Kingsolver has always been a storyteller with an urgent need to share her deeply felt beliefs. She strives to reach an audience that includes both the well-and less-educated, challenging the former without alienating the latter. Kingsolver’s empathy for all people and a lively sense of humor keep her books relevant to contemporary life. Ordinary middle-class people narrate her stories, which incorporate current political and social issues. She creates spunky characters in colorfully rendered landscapes. The major characters of her novels The Bean Trees, Animal Dreams, Pigs in Heaven, The Poisonwood Bible, and Prodigal Summer are women struggling to make places for themselves. They consider new circumstances and ideas with courage and humor, developing a moral sensibility that helps them to progress. These ordinary women express a feminist perspective championing self-determination, commitment to family and community, and a desire to change the world with compassion.
Kingsolver’s upbringing focused on southern traditions of community. Her search for a sense of belonging and mutual support in other geographic locations informs her life as well as her writing. She grows most of her own vegetables and buys only local produce to support her belief in ecologically responsible life and consumerism.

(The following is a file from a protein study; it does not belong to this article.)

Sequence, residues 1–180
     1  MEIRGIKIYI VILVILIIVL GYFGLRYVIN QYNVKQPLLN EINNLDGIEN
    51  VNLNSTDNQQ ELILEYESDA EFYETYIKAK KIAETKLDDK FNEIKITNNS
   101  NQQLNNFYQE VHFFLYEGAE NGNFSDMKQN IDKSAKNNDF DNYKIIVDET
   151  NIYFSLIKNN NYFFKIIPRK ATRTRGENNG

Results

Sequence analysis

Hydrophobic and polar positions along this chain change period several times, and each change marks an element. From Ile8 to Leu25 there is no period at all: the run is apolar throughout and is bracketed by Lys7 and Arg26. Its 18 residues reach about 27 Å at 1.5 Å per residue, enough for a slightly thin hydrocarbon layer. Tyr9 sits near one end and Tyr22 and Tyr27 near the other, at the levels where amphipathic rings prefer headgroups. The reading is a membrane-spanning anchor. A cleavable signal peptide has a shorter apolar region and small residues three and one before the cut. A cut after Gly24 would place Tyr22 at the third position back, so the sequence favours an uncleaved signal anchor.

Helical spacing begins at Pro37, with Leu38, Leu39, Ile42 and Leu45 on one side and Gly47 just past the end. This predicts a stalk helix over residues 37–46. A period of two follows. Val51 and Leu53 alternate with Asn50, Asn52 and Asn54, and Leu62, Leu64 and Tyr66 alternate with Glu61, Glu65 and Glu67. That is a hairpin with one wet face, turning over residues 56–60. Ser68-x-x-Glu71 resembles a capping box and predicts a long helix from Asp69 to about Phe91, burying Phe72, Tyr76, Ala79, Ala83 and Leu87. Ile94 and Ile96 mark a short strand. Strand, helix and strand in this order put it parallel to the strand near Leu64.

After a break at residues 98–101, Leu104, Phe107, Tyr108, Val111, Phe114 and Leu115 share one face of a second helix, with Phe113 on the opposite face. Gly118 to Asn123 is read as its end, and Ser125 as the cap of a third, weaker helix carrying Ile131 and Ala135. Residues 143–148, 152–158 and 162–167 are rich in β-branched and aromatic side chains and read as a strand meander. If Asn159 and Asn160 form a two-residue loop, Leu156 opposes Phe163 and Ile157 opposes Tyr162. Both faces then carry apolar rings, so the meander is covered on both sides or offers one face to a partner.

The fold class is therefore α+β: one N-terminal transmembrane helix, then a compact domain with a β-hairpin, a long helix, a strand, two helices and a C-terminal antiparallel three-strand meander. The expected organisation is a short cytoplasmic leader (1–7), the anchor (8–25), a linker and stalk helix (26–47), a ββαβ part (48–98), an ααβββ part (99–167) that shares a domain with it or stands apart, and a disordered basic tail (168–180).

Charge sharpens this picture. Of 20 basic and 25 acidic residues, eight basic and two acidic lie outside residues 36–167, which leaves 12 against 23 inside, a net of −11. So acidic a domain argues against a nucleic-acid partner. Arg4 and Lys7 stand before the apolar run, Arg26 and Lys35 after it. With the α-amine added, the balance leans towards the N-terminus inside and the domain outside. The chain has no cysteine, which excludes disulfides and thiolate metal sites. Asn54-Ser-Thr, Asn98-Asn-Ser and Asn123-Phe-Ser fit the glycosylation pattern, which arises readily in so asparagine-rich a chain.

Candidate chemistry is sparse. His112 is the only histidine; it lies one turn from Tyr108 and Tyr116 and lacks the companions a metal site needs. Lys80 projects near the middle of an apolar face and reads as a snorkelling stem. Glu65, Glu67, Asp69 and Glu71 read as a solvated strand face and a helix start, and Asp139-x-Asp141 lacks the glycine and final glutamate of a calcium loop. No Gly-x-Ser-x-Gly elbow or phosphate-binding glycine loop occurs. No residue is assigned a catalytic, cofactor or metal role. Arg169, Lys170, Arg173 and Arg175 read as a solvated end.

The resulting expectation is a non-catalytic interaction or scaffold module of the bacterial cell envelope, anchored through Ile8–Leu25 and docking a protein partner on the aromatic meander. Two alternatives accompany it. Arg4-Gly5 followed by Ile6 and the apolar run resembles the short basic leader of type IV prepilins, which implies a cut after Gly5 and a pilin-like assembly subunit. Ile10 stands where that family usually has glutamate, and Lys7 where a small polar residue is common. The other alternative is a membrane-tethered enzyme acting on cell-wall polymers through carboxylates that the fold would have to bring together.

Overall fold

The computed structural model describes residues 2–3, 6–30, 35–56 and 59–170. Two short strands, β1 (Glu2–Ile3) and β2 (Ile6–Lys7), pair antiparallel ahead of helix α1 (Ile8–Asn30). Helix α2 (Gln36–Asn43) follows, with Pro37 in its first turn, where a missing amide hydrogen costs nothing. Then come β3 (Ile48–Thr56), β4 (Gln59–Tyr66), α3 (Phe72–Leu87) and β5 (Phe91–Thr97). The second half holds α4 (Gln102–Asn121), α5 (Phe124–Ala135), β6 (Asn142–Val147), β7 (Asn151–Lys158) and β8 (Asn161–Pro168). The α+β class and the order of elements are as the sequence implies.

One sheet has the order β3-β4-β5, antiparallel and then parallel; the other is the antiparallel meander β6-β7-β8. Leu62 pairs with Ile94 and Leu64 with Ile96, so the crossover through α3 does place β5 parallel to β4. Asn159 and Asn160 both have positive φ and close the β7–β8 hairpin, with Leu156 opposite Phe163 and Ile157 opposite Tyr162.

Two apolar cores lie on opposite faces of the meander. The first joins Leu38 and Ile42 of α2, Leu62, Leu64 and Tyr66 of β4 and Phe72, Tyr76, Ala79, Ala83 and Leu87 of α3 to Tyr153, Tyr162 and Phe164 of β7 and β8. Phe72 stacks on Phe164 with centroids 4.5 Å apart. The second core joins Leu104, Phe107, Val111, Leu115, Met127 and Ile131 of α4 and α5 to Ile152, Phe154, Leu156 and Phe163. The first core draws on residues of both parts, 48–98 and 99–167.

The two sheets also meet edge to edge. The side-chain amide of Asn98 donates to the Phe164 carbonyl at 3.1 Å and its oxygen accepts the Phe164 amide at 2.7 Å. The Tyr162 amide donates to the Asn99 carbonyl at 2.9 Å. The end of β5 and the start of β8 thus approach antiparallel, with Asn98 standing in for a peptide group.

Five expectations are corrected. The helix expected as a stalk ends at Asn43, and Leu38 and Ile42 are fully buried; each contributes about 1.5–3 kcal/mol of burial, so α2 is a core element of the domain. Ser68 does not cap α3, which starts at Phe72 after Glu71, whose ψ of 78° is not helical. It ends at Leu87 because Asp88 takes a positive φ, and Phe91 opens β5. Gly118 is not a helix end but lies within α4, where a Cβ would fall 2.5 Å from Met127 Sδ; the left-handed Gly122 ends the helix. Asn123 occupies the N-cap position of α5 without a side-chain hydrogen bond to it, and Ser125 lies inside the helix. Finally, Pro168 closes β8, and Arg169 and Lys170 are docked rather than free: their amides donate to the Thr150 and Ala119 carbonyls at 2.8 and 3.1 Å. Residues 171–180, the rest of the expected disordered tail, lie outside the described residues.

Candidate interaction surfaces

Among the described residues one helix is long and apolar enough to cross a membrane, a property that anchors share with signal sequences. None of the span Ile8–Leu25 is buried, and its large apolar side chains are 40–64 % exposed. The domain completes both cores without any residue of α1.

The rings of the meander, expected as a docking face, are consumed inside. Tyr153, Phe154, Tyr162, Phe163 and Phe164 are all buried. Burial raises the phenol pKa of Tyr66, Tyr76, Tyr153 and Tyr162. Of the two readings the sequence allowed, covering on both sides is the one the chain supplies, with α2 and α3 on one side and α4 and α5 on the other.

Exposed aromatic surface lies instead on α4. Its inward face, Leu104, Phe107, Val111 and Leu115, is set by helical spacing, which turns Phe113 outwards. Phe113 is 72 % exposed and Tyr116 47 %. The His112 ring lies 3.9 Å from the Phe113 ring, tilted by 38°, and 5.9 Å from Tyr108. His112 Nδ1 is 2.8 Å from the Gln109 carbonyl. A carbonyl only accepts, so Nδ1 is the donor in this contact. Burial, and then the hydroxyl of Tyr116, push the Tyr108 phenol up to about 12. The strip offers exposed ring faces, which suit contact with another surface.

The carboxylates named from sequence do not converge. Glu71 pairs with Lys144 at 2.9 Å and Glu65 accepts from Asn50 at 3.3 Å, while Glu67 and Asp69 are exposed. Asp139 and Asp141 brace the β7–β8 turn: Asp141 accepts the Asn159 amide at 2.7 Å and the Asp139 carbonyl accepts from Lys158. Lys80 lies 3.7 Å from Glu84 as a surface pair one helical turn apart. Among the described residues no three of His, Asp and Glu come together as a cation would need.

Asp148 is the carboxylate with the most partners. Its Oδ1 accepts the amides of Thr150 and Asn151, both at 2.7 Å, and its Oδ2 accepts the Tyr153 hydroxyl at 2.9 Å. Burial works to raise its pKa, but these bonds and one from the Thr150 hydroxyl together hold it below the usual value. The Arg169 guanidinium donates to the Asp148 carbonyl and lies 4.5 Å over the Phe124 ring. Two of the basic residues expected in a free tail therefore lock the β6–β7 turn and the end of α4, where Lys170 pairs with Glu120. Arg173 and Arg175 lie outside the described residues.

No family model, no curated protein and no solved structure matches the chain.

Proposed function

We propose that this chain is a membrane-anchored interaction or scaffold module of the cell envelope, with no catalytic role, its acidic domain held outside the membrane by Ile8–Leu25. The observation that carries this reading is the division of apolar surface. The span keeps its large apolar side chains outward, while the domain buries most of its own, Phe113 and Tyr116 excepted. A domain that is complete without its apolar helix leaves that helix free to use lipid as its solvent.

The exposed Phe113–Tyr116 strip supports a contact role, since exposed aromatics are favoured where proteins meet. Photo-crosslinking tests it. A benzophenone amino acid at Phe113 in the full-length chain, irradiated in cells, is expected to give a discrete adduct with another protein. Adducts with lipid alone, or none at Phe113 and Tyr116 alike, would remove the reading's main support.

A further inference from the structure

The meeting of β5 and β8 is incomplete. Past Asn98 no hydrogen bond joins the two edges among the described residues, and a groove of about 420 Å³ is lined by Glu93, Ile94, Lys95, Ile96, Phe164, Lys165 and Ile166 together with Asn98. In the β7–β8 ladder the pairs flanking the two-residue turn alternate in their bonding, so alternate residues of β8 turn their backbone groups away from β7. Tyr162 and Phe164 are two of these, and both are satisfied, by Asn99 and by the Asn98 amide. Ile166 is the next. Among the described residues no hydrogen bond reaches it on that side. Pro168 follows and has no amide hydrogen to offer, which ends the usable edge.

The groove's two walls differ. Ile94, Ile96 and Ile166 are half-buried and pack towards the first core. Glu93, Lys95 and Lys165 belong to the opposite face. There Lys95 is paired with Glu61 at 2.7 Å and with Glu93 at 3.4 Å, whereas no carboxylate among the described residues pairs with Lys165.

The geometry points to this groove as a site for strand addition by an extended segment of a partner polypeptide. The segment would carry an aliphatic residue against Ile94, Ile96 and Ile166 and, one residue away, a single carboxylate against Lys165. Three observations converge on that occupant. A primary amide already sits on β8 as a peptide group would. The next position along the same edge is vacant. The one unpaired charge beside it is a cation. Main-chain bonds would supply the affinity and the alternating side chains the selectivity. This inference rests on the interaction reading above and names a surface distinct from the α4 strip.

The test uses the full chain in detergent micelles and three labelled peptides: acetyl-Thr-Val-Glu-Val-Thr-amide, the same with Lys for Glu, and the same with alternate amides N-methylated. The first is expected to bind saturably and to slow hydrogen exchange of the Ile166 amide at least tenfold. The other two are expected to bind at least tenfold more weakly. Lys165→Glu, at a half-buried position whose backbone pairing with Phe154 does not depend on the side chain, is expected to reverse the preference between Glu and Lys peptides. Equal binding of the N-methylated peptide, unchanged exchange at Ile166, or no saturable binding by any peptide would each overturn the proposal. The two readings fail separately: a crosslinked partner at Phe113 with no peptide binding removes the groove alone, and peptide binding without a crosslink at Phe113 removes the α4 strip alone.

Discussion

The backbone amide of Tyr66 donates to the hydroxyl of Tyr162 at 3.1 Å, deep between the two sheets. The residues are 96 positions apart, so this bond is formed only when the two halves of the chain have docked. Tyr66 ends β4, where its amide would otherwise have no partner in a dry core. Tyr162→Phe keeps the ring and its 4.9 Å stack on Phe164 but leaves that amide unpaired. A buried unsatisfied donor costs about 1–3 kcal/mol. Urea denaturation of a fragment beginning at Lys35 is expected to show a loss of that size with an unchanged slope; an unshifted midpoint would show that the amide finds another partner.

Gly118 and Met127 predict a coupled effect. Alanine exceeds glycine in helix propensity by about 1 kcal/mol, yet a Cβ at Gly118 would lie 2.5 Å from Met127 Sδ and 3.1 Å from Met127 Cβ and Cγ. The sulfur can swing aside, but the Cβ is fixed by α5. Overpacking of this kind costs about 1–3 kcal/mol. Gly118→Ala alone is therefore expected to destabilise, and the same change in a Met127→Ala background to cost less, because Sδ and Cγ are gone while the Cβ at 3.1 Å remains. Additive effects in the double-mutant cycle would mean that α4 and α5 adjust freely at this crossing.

She did not know much about her Cherokee ancestry but has discovered a congenial sense of family and community identity in Native American tradition. She senses acutely the tension between the mainstream American focus on individuality and Native American stress on combining personal pursuits with communal well-being. The Cherokee realization of group identity as part of personal life suits Kingsolver’s belief that all human beings are interrelated and share responsibility for Earth and one’s life on it—familial, social, and political.
Kingsolver begins writing with a question, rather than a character or story line, then writes her way to a satisfying answer. After The Bean Trees was published, she looked closely at adoption law and discovered the existence of the Indian Child Welfare Act, which states that no Cherokee child can be adopted out of the tribe without tribal consent; this information led to the central dilemma of Pigs in Heaven. In The Bean Trees, Turtle is literally given to Taylor, who devises a way to “adopt” the young Cherokee girl in an effort not to lose her. Pigs in Heaven explores the moral and social aspects of the adoption, particularly Turtle’s life with a non-Indian mother.